LIFESTYLE

More Women Are Freezing Their Eggs To Delay Motherhood, Report Shows

But the number of frozen eggs actually being used to make babies is very low.

24/03/2016 10:05 GMT

There has been a "substantial increase" in the amount of women opting to freeze their eggs so they can become mothers later in life, new figures show.

In 2001, just 29 women chose to freeze their eggs, according to statistics from the Human Fertilisation and Embryology Authority (HFEA).

However in 2014, this number skyrocketed to 816 women wanting to freeze and store their eggs for future use.

The most common reason for egg freezing is having no male partner.

Jupiterimages via Getty Images

One third of the women aged 37 and under chose to freeze their eggs because they had no male partner, PA reports.

In women aged 38 and over, this figure rose to more than half.

They also opted to freeze their eggs if they faced medical treatment - such as chemotherapy - which could affect their fertility.

Other reasons included:

  • Not feeling ready for motherhood but worrying about declining fertility
  • Not feeling ready because of careers
  • Being at risk of injury or death - for example, being in the army and being deployed in a war zone
  • Undergoing gender reassignment

Since 2001, 3,676 women have frozen their eggs, according to HFEA. 

However fewer than 60 babies have been born to patients storing and thawing their own eggs since then.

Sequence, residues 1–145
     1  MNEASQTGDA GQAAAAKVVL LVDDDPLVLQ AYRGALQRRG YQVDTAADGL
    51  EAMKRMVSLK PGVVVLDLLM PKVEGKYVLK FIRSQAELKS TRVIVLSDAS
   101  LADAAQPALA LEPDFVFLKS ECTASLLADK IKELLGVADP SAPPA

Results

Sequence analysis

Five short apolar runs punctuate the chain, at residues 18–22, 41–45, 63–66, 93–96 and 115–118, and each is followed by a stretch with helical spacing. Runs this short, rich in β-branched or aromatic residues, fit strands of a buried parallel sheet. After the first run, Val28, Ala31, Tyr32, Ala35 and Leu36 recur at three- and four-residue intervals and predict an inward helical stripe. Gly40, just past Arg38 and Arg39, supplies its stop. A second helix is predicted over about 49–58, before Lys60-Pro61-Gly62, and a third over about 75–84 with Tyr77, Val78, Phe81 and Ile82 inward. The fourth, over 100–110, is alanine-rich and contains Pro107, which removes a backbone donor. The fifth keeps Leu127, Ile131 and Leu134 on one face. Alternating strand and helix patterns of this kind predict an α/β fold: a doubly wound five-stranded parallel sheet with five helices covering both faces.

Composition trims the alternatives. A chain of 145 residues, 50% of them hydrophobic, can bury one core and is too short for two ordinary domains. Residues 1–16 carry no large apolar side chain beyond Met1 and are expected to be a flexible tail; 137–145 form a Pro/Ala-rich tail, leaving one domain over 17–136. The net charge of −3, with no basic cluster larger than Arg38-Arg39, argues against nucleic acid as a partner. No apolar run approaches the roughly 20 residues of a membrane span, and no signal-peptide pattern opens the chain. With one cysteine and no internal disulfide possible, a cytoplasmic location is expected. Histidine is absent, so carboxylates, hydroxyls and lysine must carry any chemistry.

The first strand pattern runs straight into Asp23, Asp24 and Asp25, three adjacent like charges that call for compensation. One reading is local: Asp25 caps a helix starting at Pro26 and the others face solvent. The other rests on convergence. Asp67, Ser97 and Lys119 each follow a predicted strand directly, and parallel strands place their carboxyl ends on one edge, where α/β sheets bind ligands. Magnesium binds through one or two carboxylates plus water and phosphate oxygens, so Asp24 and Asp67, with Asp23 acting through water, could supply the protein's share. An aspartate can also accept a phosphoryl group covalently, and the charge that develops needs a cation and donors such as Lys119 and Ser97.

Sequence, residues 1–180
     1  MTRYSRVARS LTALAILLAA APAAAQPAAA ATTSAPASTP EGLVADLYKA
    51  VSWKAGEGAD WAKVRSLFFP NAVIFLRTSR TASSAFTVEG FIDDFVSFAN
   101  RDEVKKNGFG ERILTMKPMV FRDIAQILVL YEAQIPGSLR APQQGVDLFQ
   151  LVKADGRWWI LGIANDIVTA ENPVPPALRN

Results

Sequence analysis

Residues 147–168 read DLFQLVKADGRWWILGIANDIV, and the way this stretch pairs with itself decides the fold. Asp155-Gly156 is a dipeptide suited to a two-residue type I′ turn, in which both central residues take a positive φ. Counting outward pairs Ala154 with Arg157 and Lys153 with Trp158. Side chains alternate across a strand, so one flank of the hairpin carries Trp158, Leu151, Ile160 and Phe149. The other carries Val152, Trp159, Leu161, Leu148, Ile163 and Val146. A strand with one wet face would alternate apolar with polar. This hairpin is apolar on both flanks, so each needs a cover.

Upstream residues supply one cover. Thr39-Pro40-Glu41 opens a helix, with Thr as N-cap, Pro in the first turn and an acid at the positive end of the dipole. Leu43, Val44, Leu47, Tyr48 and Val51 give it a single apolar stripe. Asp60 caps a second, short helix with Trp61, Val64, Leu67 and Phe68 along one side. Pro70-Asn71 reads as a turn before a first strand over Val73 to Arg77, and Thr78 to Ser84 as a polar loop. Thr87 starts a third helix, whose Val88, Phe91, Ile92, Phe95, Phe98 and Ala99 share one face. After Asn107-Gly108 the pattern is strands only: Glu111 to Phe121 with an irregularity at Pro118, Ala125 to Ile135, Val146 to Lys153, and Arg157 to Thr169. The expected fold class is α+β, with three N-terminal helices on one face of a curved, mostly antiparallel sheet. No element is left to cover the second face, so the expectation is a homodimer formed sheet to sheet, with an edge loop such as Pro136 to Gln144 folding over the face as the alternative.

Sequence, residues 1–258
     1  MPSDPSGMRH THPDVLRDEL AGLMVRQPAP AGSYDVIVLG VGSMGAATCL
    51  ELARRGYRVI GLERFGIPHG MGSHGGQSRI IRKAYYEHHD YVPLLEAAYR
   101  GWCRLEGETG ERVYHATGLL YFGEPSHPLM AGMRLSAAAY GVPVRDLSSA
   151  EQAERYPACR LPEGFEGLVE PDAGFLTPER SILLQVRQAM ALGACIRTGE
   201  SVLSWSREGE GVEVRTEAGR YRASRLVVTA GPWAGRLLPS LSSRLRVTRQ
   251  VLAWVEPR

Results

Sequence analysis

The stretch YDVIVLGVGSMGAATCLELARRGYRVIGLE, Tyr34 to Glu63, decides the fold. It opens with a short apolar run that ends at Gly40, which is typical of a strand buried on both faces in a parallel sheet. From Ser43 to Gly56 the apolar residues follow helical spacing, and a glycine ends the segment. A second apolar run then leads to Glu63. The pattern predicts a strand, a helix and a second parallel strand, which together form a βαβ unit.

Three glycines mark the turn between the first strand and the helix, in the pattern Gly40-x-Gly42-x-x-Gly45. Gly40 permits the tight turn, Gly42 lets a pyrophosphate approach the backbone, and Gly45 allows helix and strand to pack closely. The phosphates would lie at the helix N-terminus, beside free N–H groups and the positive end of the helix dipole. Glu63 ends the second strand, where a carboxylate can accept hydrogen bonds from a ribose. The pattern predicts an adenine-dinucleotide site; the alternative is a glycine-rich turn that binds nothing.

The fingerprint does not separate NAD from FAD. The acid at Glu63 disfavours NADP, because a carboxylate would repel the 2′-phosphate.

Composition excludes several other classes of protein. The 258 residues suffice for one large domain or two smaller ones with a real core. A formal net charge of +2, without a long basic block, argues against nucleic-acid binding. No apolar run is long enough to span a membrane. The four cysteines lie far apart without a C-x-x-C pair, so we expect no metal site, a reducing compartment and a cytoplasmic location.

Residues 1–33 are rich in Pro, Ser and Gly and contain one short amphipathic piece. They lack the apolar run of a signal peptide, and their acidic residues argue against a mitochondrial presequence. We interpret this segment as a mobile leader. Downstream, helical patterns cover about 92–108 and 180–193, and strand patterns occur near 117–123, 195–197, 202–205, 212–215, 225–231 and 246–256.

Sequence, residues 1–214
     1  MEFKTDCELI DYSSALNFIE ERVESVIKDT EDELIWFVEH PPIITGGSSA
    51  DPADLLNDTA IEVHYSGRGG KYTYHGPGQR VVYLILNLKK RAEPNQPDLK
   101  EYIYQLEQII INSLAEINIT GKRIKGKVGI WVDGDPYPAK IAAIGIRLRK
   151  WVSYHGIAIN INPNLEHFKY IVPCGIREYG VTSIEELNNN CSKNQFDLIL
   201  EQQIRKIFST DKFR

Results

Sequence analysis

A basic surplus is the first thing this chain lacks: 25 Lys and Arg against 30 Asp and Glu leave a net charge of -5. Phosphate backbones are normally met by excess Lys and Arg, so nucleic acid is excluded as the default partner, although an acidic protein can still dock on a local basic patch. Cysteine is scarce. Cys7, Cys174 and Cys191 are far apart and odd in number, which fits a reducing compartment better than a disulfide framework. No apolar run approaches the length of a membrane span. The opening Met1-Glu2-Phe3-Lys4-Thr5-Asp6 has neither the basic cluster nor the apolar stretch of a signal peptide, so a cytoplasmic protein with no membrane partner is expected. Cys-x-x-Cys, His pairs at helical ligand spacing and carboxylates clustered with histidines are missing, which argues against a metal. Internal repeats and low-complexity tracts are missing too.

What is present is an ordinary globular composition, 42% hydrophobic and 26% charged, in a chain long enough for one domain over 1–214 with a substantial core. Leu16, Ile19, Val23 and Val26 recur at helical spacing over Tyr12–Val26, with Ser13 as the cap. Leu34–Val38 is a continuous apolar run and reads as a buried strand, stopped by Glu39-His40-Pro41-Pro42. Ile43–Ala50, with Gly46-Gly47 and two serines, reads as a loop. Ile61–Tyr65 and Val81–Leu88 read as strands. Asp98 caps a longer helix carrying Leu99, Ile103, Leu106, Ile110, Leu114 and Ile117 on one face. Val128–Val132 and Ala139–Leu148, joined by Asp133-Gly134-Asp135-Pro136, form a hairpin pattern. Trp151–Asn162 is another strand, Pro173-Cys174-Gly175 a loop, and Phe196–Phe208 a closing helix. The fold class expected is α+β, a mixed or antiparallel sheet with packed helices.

The approximate success rate of using frozen eggs was 14%, compared with an average 26% success rate of IVF using fresh eggs.

SEE ALSO:

Woman's Pregnancy Hope After Receiving Frozen Ovary Taken From Body Before Puberty

Men With 'Super Sperm' Offered Free IVF Course For Friends Or Family

The HFEA warned: "The nature of egg freezing means we may not know the true success rate for eggs frozen now for several years to come.

"The numbers we have now are small and should be used cautiously."

Women are born with between one and two million eggs that decrease in number over time until they reach menopause.

The quality of eggs that women release is also reduced over time, which can lead to infertility, stillbirth or birth defects such as Down's syndrome.

This is because eggs can end up containing too many or too few chromosomes.

HFEA's chairwoman Sally Cheshire said the figures send out "a very clear message about egg freezing".

"While there has been much made recently about the rise in 'social' egg freezing, the number of frozen eggs actually being used in treatment is still extremely low," she said.

"New freezing techniques appear to have improved the chance of future success, but it's still too early to know that for certain, so it's important that women don't see freezing as a guarantee of future pregnancy."

 

Also on HuffPost